A move that first seemed like a cheap gimmick, would begin to unfold at the end of the third quarter. After an opening drive field goal by the Panther’s and a three and out response, everything changed with a deflection that would lead to 6 points. The interception returned for a touchdown seemed to breathe new life into the Irishmen sideline, although they were still down by 15, the boys in green seemed to be playing with extra urgency. In the final 5 minutes of the game, South Caroline seemed to in command with the ball and a 9-point lead. Marching down the field, the time on the clock seemed to all but evaporate. After a 23-yard run that would put the Panthers across the 50 with a little over two minutes to go, everything seemed to come to a screeching halt. It were as if the next 7 plays would be frozen in time forever.
The next three plays by the Panthers would of course be runs; gaining 3 yards, 1 yard and 2 yards respectively. It was fourth down, and a very long four yards, the punt team enters the game and the Irishmen line up in an obvious punt block look. Everyone was up close to the line of scrimmage, forcing the Panther gunners to come inside to ensure that all of the men could be blocked. The ball is snapped, and the only thing on the agenda for South Caroline High School to ensure victory was “Don’t let this punt get blocked”. The punter, all-state senior Ryan McGhee catches it cleanly and knocks a high pop fly towards the opposing sideline. Game over. You could hear one sideline roar, while the other felt air seep out of their lungs into the cold November air. To many, this was the end, but what the 7,000+ people in attendance hadn’t realized was that Coach Michaels slipped a return man into the game and hid him near the sideline. No one even paid attention to see Tony Johnson catch the punt on the numbers of his sideline and take off across the field, as if he were trying to get out of bounds on the opposite sideline. One big block allowed him to get around the corner, another block helped keep him from scampering out of bounds. Three full steps later, jersey #7 would be fully protected by a wall of green sprinting down the opponent’s sideline, each stride seeming to cover 5 yards at a time. Touchdown. The screams that were once celebrating a sure victory turned into an agonizing cry.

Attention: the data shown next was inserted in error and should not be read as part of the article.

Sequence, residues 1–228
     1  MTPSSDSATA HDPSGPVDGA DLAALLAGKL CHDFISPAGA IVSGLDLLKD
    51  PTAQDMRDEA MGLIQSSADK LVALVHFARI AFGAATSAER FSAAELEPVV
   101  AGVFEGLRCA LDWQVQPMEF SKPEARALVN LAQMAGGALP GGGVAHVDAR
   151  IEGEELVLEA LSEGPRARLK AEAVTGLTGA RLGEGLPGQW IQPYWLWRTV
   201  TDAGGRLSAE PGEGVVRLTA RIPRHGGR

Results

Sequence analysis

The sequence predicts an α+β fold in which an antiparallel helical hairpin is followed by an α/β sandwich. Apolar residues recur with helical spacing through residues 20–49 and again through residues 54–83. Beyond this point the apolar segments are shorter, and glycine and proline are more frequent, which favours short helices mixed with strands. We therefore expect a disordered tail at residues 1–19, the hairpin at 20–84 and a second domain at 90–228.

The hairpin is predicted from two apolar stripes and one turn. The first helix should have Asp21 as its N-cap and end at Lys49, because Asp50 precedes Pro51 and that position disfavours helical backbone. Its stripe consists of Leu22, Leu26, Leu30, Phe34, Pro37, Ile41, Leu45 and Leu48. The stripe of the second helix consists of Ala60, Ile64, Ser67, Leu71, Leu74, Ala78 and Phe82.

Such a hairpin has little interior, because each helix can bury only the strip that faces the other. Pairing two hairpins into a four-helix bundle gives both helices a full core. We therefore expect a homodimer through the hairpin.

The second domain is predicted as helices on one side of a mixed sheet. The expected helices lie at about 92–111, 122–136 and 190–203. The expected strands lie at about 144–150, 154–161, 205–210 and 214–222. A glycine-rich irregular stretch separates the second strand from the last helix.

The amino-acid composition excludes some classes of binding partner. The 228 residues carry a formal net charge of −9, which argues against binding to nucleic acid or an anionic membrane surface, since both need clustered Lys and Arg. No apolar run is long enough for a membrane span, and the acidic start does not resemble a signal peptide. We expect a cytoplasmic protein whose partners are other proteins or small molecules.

After a successful extra point, and a very brief pause for an injury, both teams lined up for the kickoff. Still down by two, the Irishmen lined up for an onside kick with just 26 seconds left. All of the momentum had shifted, and even though the Panthers were still in command with a cushion to fall back on, things just did not feel right for the team in white and red. The ball is kicked short and on the ground, both teams make a dash to recover and a pile appears. Irishmen ball. This was probably the worst thing that could have happened; the dog pile would lead to a lot of pushing and shoving, then.. a punch and another swing. Attitudes were flaring and it was apparent that the atmosphere had caused a must-win situation for both teams. The aftermath of the scuffle led to three ejections; two from South Caroline, including a starting cornerback and strong safety, as well as a linebacker from St. Palladius. Everybody would soon know the implications of their reactions.